We ended up paying 10 euro and 1500 huf and left the car, finally arriving at our hotel close to midnight. It was a very long day (we took a bus from Warsaw to Kraków at 9am, a plane from Kraków to Budapest at 10pm) and I was barely alive, yet still managed to have problems falling asleep and to woke up at 7 am the next day.

*     *     *     *     *

I very rarely use the word "hate" but I seriously hate what's been going on with me those last two weeks, and this week especially. I've been driving myself mad by going through things over and over again in my head and never finding an answer, as well as brought myself to a point of utter exhaustion by not being able to rest or nurish my body properly. Actually, yesterday was the first day since Monday that I managed to force myself to eat anything at all. The bad part is, I did so by having some lángos, which is not the wisest of choices after 3 days on an empty or close to empty stomach. The good part is, my body reacted in a most normal way in the given situation and it shut down, thus letting me fall asleep for a short nap.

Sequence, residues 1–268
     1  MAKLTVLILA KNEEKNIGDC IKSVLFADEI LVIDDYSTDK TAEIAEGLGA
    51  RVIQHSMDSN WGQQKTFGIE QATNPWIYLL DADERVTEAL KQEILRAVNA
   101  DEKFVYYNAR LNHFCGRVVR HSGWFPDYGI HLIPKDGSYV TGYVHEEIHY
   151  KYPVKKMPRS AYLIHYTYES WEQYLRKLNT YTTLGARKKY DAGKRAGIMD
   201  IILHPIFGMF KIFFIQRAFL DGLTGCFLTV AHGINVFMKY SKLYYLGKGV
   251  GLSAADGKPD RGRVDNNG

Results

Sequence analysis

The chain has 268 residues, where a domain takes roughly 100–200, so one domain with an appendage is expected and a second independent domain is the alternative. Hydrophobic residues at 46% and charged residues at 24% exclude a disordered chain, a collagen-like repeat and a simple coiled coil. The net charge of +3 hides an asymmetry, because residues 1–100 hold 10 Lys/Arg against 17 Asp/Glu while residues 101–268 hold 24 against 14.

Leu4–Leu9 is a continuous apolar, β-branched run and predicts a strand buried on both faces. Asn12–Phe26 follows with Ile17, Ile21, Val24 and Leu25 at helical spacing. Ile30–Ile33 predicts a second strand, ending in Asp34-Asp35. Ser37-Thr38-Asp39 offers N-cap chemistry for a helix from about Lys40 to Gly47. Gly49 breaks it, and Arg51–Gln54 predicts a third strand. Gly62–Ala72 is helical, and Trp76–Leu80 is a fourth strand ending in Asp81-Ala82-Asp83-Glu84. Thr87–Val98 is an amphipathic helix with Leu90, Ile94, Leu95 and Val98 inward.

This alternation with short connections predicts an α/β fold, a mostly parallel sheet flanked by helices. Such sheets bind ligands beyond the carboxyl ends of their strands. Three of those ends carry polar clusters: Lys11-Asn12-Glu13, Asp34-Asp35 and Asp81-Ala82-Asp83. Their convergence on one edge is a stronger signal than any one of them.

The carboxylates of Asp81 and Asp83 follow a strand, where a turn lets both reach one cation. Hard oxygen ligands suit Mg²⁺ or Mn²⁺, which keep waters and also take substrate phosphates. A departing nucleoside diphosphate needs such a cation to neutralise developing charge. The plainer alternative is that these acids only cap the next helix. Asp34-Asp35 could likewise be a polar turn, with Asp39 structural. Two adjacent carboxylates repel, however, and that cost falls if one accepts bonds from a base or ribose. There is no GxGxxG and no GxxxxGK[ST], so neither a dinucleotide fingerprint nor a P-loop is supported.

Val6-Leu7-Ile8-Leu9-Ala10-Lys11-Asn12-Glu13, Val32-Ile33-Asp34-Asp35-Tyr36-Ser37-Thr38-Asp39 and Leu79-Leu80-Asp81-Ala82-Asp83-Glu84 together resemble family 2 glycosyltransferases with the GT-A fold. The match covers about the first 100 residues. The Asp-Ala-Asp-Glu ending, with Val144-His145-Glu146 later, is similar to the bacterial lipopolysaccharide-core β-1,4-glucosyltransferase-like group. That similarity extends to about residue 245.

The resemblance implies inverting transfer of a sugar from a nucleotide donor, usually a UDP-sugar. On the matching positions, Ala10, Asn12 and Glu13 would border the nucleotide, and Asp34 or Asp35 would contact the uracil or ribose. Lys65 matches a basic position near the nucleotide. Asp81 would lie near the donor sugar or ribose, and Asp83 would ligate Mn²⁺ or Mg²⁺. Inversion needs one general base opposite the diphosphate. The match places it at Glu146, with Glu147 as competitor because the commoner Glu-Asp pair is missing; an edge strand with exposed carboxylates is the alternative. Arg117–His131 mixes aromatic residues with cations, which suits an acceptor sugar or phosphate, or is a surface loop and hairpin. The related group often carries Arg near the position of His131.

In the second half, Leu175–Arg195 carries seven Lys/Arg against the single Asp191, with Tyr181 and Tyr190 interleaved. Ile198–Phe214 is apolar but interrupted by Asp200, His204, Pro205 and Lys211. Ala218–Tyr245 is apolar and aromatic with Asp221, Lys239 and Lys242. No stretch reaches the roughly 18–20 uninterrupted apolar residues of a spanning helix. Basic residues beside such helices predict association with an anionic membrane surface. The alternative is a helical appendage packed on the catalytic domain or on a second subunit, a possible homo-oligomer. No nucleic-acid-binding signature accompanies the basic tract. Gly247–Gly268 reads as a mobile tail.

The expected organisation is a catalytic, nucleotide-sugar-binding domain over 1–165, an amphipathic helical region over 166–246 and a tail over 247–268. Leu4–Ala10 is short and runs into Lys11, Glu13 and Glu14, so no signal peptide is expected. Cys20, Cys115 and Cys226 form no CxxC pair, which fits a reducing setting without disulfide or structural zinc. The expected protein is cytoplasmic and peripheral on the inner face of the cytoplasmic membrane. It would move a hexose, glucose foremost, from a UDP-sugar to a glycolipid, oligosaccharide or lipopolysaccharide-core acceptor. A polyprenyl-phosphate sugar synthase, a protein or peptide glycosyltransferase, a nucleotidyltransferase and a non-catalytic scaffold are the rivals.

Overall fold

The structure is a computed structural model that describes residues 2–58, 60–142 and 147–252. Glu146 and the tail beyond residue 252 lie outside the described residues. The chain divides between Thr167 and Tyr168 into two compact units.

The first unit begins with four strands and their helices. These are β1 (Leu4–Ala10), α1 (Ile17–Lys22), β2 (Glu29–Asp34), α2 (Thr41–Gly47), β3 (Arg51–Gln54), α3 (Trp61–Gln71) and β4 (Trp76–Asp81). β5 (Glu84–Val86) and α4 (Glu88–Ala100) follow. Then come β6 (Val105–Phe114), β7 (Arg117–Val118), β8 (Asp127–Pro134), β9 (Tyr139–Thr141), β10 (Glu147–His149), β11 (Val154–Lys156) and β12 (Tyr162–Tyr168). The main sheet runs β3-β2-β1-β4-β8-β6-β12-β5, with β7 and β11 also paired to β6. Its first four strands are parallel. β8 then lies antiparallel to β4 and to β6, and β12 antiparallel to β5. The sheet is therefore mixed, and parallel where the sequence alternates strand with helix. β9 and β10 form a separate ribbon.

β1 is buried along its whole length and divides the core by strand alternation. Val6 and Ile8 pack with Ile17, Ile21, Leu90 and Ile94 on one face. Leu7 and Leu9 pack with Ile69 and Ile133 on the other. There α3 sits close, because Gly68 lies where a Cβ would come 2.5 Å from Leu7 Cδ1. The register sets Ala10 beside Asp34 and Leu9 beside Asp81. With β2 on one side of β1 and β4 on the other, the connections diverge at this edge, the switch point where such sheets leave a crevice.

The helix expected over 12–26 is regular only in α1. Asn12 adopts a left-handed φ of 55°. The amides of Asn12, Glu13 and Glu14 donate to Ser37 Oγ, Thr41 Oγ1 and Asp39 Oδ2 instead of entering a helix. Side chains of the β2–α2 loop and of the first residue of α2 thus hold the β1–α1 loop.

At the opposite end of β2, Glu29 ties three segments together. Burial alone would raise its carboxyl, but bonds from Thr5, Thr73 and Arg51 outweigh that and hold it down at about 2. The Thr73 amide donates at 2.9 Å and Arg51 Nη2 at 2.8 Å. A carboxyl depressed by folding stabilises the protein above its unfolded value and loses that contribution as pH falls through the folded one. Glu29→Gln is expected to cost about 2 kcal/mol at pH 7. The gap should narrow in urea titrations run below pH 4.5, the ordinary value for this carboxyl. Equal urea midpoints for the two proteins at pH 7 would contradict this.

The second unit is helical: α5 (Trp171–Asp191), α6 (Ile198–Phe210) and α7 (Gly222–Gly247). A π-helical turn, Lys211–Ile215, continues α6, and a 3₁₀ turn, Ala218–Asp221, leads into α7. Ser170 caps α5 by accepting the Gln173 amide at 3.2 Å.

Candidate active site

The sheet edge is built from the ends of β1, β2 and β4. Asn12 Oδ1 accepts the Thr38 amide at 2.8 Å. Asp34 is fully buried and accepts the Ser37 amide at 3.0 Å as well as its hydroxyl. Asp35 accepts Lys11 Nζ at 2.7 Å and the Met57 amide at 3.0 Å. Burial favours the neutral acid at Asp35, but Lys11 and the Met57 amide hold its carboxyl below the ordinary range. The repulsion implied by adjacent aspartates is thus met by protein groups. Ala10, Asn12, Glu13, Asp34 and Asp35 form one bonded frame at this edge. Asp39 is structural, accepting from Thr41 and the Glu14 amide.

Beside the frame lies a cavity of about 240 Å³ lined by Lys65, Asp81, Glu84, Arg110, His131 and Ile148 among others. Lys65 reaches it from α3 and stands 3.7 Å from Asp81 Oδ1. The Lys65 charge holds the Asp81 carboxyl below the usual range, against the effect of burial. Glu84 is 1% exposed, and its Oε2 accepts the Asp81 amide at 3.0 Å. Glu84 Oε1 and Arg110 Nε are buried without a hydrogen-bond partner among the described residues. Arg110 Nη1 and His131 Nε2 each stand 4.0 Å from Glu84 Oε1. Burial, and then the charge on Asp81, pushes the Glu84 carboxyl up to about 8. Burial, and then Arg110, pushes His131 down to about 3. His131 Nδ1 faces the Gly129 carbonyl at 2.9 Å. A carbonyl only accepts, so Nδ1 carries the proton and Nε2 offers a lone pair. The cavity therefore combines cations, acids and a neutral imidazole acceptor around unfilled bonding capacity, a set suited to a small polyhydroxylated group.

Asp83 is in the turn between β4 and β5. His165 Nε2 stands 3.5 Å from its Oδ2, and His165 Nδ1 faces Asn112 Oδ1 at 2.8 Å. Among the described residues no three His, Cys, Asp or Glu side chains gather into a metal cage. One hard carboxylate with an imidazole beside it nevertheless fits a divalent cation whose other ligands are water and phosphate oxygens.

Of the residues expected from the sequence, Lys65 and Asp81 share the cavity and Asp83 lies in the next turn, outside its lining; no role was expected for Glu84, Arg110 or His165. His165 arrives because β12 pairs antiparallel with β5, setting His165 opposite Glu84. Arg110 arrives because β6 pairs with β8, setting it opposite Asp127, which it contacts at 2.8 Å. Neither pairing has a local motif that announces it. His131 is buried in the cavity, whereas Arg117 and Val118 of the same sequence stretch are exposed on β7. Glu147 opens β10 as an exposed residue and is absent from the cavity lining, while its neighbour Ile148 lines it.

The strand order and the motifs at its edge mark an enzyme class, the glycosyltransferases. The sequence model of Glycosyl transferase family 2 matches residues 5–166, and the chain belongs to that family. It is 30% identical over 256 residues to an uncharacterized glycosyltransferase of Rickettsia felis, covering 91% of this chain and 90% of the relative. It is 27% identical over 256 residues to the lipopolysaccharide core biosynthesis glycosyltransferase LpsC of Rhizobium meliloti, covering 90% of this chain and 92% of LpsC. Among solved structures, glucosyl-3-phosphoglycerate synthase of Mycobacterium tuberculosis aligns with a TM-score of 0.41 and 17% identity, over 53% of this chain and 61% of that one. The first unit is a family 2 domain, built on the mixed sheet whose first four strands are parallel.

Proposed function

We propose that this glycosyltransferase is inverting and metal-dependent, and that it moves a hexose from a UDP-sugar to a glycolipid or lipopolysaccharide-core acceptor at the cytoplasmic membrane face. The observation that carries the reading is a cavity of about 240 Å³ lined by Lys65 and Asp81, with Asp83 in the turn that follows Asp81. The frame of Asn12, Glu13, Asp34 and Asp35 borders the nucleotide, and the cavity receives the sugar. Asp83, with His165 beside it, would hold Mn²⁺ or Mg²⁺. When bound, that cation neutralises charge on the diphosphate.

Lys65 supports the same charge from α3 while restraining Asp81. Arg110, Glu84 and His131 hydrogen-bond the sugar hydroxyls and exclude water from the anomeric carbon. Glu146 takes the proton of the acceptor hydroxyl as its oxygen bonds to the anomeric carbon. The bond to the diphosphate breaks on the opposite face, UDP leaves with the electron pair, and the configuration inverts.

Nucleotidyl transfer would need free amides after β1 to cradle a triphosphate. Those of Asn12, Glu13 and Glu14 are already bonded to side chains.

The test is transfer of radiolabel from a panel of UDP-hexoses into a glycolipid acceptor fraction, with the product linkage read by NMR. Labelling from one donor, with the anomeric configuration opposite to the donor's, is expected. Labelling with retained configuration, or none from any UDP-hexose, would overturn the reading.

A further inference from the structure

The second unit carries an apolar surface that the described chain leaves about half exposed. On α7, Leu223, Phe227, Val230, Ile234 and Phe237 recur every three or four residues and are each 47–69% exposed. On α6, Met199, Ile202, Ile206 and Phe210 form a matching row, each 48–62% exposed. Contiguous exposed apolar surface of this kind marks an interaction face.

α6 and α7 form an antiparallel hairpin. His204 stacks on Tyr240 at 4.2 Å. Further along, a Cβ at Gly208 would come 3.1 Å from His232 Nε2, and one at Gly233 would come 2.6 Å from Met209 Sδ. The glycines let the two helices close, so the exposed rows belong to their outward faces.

I'm also mad at myself for ruining the trip for my travel partner, this is so not what she signed up for. Luckily, she's an amazing person and has been of great help. Also, was so excited and glad to see Paszczak, one of my best and oldest friends, who's currently doing his Erasmus time in Budapest. He took us out yesterday and we got to see a couple of the city's clubs and pubs, and they're awsome. It's really incredible how poor Warsaw's nightlife is. I just wish I let myself enjoy it more instead of putting myself down all the time and whinning like a little b... baby. However, I think I've had a breakthrough today. I'd been telling myself I'd be at peace again once I understood things. But I'm pretty sure I won't, so that was a dead end street, not the best perspective. I think I've finally accepted it though and the knot in the stomach is gone, the tension seems to be leaving me as well. About time, Magu!